118. THE PRIORY OF HORSTEAD (fn. 1)
William Rufus granted the manor of Horstead
to the nuns of the abbey of the Holy Trinity,
Caen, which had been founded by his mother,
Queen Maud. The gift of Horstead was confirmed by Henry I and again by Henry II.
In 1291 the taxation roll shows that the abbess
of Caen held temporalities in Horstead to the
annual value of £20 10s. 6½d., whilst smaller
amounts in six other parishes brought up the total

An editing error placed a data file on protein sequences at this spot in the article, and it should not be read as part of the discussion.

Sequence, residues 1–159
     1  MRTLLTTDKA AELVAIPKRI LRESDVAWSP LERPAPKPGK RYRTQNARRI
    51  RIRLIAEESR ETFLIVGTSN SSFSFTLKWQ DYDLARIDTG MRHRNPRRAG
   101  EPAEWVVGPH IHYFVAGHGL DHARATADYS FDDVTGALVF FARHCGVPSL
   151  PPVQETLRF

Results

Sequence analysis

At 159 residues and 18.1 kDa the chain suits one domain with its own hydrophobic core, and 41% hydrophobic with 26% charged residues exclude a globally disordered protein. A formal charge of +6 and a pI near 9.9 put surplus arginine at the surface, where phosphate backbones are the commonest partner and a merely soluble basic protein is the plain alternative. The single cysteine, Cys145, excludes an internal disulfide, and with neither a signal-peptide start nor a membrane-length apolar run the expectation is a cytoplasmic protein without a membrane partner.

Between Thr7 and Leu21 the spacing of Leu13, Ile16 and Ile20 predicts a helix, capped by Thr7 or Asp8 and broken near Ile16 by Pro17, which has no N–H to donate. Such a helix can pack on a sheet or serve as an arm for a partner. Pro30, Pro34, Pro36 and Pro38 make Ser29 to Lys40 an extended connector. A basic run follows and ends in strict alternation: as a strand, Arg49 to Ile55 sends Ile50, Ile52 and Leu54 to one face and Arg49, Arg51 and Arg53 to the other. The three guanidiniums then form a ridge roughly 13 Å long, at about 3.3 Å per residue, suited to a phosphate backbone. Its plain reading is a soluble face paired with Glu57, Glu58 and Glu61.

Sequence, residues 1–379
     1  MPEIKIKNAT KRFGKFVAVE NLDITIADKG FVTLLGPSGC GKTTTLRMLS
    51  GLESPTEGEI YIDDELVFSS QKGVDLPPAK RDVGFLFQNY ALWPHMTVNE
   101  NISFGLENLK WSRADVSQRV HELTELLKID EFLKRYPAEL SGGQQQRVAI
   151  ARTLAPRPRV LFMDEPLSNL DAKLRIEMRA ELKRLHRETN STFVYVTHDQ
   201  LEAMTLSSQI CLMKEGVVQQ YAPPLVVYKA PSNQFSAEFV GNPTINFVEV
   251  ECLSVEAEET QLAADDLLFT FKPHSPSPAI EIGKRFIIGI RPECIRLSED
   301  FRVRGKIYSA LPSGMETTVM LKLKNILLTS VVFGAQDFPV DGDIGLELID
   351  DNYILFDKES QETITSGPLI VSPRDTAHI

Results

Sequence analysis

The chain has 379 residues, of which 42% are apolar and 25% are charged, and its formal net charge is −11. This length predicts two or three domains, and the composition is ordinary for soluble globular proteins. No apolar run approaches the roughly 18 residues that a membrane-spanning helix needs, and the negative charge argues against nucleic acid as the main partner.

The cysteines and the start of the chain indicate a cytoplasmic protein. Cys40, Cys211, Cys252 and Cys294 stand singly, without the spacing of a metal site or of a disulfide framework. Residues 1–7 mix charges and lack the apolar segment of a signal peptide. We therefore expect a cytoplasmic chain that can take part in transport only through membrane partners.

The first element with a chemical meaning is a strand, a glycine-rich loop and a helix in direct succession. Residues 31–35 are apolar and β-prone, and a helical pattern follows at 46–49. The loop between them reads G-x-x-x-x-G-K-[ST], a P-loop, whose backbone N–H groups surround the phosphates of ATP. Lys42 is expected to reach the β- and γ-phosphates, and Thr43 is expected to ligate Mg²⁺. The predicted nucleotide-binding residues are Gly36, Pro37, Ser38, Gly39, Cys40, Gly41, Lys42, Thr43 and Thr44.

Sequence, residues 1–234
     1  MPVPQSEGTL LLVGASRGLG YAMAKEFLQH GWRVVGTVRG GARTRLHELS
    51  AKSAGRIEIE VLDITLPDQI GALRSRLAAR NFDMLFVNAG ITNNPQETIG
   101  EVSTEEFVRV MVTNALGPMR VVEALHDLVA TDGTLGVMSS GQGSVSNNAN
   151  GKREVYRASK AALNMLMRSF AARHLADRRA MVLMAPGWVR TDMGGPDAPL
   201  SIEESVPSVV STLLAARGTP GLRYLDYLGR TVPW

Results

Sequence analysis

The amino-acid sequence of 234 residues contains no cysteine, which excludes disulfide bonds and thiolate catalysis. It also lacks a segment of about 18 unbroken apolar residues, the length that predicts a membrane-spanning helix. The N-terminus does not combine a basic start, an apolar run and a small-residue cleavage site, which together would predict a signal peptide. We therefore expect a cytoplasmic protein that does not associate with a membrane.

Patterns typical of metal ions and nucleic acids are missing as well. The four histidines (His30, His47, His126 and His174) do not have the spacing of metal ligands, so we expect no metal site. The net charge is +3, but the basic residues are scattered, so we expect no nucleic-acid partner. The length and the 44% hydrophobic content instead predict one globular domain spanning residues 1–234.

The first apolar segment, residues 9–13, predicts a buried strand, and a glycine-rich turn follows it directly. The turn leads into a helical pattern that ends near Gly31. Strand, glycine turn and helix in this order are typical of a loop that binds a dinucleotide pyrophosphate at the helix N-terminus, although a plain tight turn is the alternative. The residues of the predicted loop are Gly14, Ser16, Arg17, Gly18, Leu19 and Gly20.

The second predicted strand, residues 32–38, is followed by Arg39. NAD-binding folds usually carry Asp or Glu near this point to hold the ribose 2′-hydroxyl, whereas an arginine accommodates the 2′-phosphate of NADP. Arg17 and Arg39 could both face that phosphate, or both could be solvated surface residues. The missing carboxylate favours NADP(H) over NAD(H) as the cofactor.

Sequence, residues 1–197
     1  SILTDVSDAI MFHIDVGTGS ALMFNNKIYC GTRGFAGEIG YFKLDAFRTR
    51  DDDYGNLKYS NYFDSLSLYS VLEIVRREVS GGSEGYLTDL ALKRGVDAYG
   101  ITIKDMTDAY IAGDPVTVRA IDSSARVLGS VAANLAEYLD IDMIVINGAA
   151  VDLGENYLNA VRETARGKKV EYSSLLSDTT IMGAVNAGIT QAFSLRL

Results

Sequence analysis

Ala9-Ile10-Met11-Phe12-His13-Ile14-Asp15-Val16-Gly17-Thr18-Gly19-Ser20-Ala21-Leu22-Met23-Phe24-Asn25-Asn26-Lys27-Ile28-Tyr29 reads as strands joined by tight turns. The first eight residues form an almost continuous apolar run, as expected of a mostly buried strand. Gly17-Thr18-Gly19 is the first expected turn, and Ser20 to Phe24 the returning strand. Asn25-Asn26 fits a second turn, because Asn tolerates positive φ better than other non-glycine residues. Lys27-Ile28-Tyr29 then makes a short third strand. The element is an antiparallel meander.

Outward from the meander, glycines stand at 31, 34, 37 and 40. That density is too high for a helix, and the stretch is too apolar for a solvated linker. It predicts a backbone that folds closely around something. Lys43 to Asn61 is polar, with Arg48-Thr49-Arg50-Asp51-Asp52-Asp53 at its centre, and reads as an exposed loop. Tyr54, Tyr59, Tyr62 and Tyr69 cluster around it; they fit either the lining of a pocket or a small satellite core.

income in Norfolk to £25 2s. 5½d. In addition
to this there was a pension or portion from the
church of Horstead of £3 13s. 4d.
Horstead was amongst the dissolved alien
priories of 1414, when it came to the crown and
was granted for life to Sir Thomas Erpingham.
It was subsequently granted by Henry VI, in
1431, to complete the foundation of his college of
Saints Mary and Nicholas, now King's College,
||Round, Cal Doc. France, i, 143, 149, 150; Dugdale, Mon. vi, 1057; Blomefield, Hist. of Norf. x, 442; Taylor, Index Monasticus, 12.